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College’s Scales Hall To Undergo Contemporary, Sustainable Renovation

A rendering from King + King Architects shows the new-look façade of SUNY Oswego's Scales Hall following a $13.1 million renovation of the residence hall to begin in December, with scheduled completion in July.

A rendering from King + King Architects shows the new-look façade of SUNY Oswego's Scales Hall following a $13.1 million renovation of the residence hall to begin in December, with scheduled completion in July.

OSWEGO — Scales Hall, at 55 years old the last of four SUNY Oswego residence halls built on the Lakeside area of campus, will follow in the footsteps of Waterbury Hall, undergoing a $13.1 million renovation scheduled to begin Dec. 19.

A rendering from King + King Architects shows the new-look façade of SUNY Oswego's Scales Hall following a $13.1 million renovation of the residence hall to begin in December, with scheduled completion in July.
A rendering from King + King Architects shows the new-look façade of SUNY Oswego’s Scales Hall following a $13.1 million renovation of the residence hall to begin in December, with scheduled completion in July.

The project should be done by July 1, following completion of work by Oswego-based general contractor PAC Associates, the same company that renovated Waterbury in 2014-15.

The completed renovation will increase Scales’ capacity to house students from about 200 to approximately 210.

“Seven months is a pretty aggressive schedule,” said Mitch Fields, associate vice president for facilities at SUNY Oswego. “Most of our sister colleges take a year to do this kind of project.”

But due to the college’s strong enrollment and demand for on-campus housing, “we just can’t afford to not have the beds for the fall semester of 2017,” he added.

With the completion of Scales, all four lakeside residence halls will have been renovated in the last 13 years. Johnson Hall was renovated in 2003 and Riggs Hall in 2007.

The upgraded Scales Hall will feature a contemporary design very similar to that of Waterbury. King + King Architects of Syracuse, the same architectural firm that designed Waterbury, also designed Scales’ modernization. Scales will have pod-style bathrooms providing privacy for toilets and showers, as well as new furniture, a kitchen on every floor, new lounges on the second and third floors and a new computer lab, said Scales Hall Director Myles Clendenin.

The renovation will include many updates to comply with the SUNY-wide policy that all new buildings and renovations need to comply with the Leadership in Energy and Environmental Design (LEED) Silver certification. SUNY Oswego pursues a higher goal for all campus buildings: LEED Gold certification.

A passive cooling system will cut down on costs by pulling in the cool air over Lake Ontario to circulate throughout Scales Hall.

The air over the lake is typically 10 degrees cooler than the air on land, Fields said.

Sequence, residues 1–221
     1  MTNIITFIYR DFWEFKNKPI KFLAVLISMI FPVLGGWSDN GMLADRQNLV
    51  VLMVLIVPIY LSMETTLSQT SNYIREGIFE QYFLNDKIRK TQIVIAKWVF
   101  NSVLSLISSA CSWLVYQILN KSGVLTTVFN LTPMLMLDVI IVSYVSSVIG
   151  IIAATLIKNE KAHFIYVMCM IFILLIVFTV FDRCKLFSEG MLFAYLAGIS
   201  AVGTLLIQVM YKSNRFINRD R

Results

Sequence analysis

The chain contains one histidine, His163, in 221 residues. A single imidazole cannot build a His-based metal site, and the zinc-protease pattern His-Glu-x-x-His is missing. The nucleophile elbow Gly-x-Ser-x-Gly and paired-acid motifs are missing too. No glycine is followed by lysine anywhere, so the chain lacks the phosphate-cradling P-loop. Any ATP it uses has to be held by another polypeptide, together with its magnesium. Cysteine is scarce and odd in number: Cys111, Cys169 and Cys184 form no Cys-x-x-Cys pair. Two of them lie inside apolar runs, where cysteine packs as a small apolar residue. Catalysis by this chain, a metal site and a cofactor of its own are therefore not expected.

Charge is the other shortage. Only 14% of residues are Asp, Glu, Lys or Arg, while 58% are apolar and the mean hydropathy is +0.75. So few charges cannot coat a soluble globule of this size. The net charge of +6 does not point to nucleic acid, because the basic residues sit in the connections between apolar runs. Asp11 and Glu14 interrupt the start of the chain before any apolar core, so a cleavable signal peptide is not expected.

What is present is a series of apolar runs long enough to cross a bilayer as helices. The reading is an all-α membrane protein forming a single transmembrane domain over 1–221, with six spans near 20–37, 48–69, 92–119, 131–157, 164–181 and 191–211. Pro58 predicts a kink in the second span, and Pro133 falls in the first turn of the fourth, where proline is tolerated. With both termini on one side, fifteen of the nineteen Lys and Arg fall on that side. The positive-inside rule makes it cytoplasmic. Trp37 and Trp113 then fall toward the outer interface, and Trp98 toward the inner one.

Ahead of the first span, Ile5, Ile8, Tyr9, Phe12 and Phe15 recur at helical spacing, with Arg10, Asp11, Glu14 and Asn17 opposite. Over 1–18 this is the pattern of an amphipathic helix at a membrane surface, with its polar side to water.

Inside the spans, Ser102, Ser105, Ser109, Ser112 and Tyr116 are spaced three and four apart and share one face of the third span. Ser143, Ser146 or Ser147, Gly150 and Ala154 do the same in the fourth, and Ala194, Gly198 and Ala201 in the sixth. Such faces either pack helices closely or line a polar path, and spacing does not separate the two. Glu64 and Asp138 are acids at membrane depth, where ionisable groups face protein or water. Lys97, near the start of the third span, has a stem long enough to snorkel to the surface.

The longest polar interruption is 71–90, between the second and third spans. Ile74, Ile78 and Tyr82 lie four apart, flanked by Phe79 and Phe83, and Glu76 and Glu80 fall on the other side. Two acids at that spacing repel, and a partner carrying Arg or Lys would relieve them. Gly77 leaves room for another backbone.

Recycled materials will be used throughout the project, such as repurposed wood for the exterior, he said. Energy-efficient mechanical systems will be put in place in the main boiler room.

Students’ ideas

When it came to the design of Scales Hall, Fields said suggestions were taken from students through surveys done by Residence Life and Housing.

Former Waterbury resident Aran Kilcoyne appreciated the administration’s openness to student suggestions. “If we had suggestions or complaints about the building they were all listened to and often actions were made to solve the problems,” she said.

The students who currently live in Scales will have to move out of the building in December, though about 70 are leaving campus. Clendenin said Residence Life and Housing tried to place students who would not be returning to campus for the spring semester into Scales.

The 130 students who will remain on campus were given a first-preference survey to choose a new hall to live in.

Once Residence Life and Housing determines how many rooms will be vacant for the spring semester, it will begin placing the Scales residents. SUNY Oswego has hired a moving company to help students move their belongings to their new rooms over winter break, Clendenin said.

Sophomore Brandon Cortes chose to live in Scales for the fall semester because he wanted the experience of living with many of the international students who were placed in the building.

Cortes said his first choice residence hall for the spring semester is Hart Hall Global Living and Learning Center.

Clendenin said many students have said they will miss Scales’ community environment.

“Scales feels like home to a lot of people and people don’t want to lose their sense of home,” he said. “But I always tell students it’s not just the building that makes a place a home; it’s the students and the people that make it a home. I hope that the students who come back next year really try to instill that home atmosphere.”